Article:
When Army mishaps occur, investigators have several tools to determine how human factors and performance contributed. One method to identify multiple layers of failure or errors is the Swiss cheese model. Inside the Swiss cheese model, you will find the layers of failures that lead to mishaps. An accident will rarely occur when only one layer sustains a failure. When multiple layers have holes, the probability of a mishap increases significantly.
The four layers inside the Swiss cheese model are acts, preconditions, supervision and organizational influences. The act is the operational failure or the decision or failure of an individual. In the event above, the driver’s overcorrection would qualify as a direct action that led to the incident.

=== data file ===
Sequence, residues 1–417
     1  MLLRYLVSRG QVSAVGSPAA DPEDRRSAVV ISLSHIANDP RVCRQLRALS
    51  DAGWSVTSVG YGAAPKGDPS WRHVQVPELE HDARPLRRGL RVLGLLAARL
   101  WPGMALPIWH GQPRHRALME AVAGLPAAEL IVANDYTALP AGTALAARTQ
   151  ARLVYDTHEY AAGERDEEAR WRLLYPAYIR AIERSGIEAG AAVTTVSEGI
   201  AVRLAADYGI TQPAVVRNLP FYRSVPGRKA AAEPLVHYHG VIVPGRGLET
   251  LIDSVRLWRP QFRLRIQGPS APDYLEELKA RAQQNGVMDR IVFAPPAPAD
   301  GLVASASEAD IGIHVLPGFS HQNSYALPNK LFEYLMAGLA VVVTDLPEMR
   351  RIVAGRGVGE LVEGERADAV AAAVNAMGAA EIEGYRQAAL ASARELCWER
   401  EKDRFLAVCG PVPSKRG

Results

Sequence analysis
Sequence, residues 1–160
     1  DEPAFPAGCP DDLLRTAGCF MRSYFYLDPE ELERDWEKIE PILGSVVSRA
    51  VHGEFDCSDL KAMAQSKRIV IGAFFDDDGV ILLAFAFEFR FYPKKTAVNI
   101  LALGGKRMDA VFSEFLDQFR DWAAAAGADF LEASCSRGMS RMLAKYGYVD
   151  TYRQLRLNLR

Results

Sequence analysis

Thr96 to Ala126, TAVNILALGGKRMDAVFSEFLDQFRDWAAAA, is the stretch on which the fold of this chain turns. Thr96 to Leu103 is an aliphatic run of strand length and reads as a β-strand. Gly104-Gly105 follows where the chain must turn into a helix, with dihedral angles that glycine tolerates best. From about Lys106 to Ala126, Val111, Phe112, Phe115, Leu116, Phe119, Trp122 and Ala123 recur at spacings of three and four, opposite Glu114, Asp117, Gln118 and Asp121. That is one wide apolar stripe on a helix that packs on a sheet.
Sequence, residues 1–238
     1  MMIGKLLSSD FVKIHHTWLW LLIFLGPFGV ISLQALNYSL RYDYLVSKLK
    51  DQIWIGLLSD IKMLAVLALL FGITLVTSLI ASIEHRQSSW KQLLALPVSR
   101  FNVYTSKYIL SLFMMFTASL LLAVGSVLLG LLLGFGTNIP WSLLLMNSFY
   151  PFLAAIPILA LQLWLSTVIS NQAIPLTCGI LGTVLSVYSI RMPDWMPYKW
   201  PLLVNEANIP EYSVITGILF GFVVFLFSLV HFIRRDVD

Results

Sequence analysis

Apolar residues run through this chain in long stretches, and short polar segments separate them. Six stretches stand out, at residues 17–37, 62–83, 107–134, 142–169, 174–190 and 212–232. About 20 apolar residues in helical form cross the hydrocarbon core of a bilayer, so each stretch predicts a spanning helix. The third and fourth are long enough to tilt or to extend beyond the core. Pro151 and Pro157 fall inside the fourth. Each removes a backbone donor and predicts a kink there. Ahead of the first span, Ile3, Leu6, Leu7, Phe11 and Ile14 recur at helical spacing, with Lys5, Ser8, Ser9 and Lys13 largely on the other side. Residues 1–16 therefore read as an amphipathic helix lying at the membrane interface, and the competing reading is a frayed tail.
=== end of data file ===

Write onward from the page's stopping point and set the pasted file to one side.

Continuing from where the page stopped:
Preconditions usually come in environmental factors such as stress, weather issues, fatigue or physical strength. The precondition for this mishap was the road and operating environment. Operating on a winding, narrow highway with potholes, rough spots and other traffic created an environment that contributed to this event.
Next is the supervision layer, which defines the command's role in mishaps. Leaders lowering standards, allowing untrained Soldiers to operate equipment or failing to provide oversight fall into this layer. In this accident, the convoy commander was in the lead vehicle. He set the movement's pace in a vehicle with a higher top speed than the mishap vehicle. The first several vehicles in the convoy were leaving behind the mishap LMTV, which created multiple issues that set the stage for the accident. The inexperienced LMTV driver was attempting to operate the vehicle beyond his skill level. While trying to catch the lead vehicles, the movement's speed increased and contributed to the accident.